The Riccarton seminar: Hearts await their fate as Europa League draw works in intricate ways
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No Tynecastle side has experienced continental group stage football in its current format. Excitement is building amongst supporters and players, who will finish their morning training session before shuffling upstairs to watch the Europa League play-off draw live from UEFA at 12pm.
One of 15 teams will travel to Edinburgh later this month once third-round qualifiers are complete. This afternoon, Hearts learn which tie to watch as they await the winners. They will meet either a team from the Priority Three or Priority Four pots.
Victors from the following five third-round qualifying ties will enter Priority Three for the play-off: Malmo (SWE) v F91 Dudelange (LUX), Shamrock Rovers (IRE) v Shkupi (MKD), Linfield (NIR) v Zurich (SUI), Olympiakos (GRE) v Slovan Bratislava (SVK), and Maribor (SVN) v HJK Helsinki (FIN).
The Priority Four pot will contain winners from the following two matches: AEK Larnaca (CYP) v Partizan Belgrade (SRB) and Fenerbahce (TUR) v Slovacko (SVK). Omonia Nicosia (CYP) have also been moved into Priority Four.
The first team drawn is usually at home in the first leg, although occasionally UEFA will permit a reverse at the request of both teams.
A reputable side from a serious footballing hotbed like Athens, Istanbul or Belgrade would present a real threat to Hearts’ ambitions of reaching the Europa League group stage. The parachute of a Europa Conference League group place is therefore a handy safety net.
Either way, they are guaranteed at least eight European matches from now until November. The club’s only previous experience of group-stage ties abroad was in the 2004/05 UEFA Cup when the future Europa League group phase was still in its infancy.
There were just three section games back then compared to six now. Add in a participation payment of around £3million and it becomes a lucrative and exciting prospect.
“It’ll be great. The analyst guy brought in a list of the teams we could play,” explained Robbie Neilson, the Hearts manager. “We needed to beat Ross County first, then Hibs and then Dundee United. Then we’ll take care of who we’ve got in Europe.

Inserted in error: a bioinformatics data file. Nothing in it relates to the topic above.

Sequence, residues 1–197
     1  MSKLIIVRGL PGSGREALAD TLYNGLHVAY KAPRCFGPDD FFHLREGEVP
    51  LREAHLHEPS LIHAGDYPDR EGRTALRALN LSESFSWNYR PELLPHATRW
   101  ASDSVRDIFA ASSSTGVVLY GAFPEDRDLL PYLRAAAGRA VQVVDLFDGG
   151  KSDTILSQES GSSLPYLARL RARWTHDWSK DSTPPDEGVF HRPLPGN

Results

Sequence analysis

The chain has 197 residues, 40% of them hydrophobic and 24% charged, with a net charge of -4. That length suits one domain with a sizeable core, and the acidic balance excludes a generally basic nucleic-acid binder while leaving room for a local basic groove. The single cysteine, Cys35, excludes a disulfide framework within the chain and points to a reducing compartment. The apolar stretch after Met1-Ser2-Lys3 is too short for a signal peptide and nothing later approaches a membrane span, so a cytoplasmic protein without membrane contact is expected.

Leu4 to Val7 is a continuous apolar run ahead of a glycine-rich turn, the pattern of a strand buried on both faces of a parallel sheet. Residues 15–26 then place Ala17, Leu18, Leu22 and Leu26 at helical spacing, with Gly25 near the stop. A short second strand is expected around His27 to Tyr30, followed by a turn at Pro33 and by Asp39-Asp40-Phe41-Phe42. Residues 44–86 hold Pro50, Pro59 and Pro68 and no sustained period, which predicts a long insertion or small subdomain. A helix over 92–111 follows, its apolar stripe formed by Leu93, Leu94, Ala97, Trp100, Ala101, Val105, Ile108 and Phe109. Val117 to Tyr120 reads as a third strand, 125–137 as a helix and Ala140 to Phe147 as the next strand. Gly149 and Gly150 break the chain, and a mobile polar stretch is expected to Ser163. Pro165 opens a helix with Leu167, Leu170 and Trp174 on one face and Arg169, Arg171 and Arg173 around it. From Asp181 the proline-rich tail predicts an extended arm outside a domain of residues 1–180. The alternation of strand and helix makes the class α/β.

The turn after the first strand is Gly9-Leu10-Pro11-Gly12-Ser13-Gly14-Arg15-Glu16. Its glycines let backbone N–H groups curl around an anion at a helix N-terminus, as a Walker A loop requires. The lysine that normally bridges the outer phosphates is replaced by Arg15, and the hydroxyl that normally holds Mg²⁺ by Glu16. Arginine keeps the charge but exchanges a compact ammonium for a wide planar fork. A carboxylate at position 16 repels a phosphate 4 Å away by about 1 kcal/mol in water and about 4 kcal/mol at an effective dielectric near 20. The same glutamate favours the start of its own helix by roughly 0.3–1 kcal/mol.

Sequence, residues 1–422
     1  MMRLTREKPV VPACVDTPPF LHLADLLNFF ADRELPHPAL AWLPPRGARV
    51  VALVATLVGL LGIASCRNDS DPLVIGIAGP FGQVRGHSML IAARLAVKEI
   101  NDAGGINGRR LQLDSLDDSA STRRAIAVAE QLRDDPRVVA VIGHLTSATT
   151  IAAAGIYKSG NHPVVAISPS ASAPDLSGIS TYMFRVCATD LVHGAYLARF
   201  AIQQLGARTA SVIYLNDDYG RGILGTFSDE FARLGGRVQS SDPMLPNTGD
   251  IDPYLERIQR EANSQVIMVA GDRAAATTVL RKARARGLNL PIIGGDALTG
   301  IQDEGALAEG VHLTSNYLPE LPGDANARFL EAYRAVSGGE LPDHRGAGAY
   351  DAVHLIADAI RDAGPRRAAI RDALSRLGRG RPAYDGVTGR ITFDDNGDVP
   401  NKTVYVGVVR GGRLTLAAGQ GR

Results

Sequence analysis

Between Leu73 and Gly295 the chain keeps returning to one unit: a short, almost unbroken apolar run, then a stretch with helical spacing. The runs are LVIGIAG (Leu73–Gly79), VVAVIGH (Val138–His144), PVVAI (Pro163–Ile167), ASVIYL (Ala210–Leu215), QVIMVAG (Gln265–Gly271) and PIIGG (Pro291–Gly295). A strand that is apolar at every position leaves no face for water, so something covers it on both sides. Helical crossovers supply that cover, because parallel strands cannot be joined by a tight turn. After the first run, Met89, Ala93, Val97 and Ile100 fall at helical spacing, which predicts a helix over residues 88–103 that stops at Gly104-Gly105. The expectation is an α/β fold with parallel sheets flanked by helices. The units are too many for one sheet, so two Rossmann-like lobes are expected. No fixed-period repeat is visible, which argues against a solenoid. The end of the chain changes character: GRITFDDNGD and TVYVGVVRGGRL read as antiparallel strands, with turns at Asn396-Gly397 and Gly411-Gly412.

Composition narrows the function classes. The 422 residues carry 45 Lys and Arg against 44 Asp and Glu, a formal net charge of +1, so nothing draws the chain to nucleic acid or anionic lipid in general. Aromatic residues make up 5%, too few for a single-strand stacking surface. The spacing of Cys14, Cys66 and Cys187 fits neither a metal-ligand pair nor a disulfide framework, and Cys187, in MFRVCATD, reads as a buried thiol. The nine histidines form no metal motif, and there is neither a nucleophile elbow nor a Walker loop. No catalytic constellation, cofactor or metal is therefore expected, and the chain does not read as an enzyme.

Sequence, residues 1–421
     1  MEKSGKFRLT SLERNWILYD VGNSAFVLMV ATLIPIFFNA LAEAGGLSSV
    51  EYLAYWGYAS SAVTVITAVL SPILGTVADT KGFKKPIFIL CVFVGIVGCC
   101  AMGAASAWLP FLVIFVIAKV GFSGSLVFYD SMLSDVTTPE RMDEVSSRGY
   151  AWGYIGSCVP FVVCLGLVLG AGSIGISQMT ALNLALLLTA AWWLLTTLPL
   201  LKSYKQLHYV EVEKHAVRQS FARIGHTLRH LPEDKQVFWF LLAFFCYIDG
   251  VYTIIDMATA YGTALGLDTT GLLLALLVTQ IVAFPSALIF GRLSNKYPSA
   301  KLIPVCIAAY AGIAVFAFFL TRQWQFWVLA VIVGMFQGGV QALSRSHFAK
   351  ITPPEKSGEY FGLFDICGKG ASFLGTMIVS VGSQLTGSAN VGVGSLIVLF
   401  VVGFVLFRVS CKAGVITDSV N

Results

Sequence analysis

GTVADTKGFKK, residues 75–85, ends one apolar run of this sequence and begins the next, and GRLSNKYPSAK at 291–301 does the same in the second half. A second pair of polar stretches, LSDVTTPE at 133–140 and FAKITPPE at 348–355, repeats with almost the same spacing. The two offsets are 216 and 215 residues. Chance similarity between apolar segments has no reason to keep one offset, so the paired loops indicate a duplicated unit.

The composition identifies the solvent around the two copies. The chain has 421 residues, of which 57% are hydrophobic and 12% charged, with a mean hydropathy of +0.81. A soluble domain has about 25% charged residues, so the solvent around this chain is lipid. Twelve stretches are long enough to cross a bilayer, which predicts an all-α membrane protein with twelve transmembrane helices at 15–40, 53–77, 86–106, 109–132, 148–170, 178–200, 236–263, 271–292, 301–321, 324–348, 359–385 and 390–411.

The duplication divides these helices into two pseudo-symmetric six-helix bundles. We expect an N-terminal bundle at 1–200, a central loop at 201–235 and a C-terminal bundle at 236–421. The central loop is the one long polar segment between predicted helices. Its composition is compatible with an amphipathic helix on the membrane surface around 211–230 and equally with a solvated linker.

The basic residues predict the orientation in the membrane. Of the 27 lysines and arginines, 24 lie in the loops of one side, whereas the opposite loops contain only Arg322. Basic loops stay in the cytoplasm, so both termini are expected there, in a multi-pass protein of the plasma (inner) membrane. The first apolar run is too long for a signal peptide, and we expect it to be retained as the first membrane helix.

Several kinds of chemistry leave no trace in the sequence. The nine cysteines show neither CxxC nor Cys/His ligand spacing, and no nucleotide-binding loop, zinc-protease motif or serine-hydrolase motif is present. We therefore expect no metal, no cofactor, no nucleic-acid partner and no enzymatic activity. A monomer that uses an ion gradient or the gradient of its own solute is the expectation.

“For us the focus has to be on a short-term basis to make sure we win these games. It’ll be exciting when it comes, but it’s still three weeks away. We’ll come in here and watch the draw. We’ll train first and then come in and watch it.”
Wisely trying to temper expectation, Neilson would be as well stepping outside to urinate in the wind. Hearts supporters are already preparing one big adventure over the coming months. They’ve endured four managerial changes, an enforced relegation and a global pandemic since their last European trip in 2016.
“I think it will be brilliant,” admitted Neilson. “For the staff and the players, but for the fans it will be unbelievable. They’re guaranteed four trips away and it is well-earned with the money they’re putting into the club.
“For us, it’s the balance and ability required to do it on a Thursday-Sunday. That’s at least eight extra games, plus a Premier Sports Cup to squeeze in too. That will be difficult, but for me it comes down to mentality to continually do it.
“I think the fans will have the time of their lives. The last group stage was 2004/05 so that’s 18 years since fans can get the draw and say: ‘That’s where I’m going.’ That is brilliant for them and I’m sure they’ll enjoy it. Hopefully we can give them some good nights.”
Memories like Basel in 2004, when Neilson scored what remains Hearts’ last goal in a European group-stage tie to secure a 2-1 win. “I remember very little. It was cold that night,” he recalled
“It was a great night with the fans all in the corner, afterwards you saw them all outside. What an experience for them. That might have been my first goal for Hearts. There wasn’t many of them!
“I remember travelling away and coming back and playing Wednesday-Saturday. For me, players can do it, it’s just about believing that they can do it.”
No-one is under any illusion that Hearts are largely European novices. Goalkeeper Craig Gordon, midfielder Andy Halliday and winger Gary Mackay-Steven are the only players in the squad with recent experience of UEFA club tournaments.
The aim is to gain knowledge and awareness over the coming weeks, learn how to deal with demanding travelling, and then make this a regular occurrence. Squad size is increasing with that plan in mind and supporters are understandably relishing the prospect of foreign escapades.
“It’s just different. You go into these games as underdogs in these places,” said Neilson.” Then you go and win. The fans are all out eight hours before getting ready and enjoying it and sending them home happy is really important.
“That’s why fans go to Ross County and Inverness to help us get to this stage. They get that experience of going away and I’d expect us to take a few thousand to these away games. Hopefully they’ll enjoy it.
“We want to do it consistently. That will be the hardest bit. Trying to balance these European games and trying to maintain an automatic qualification spot. The European games will be great. We want to try to progress and win as many as we can, but we also want to maintain and keep progressing in the league.
“This is why we need to have a big squad. If we need to change two or three players we are still strong for the game on the Sunday. That is the balancing act.”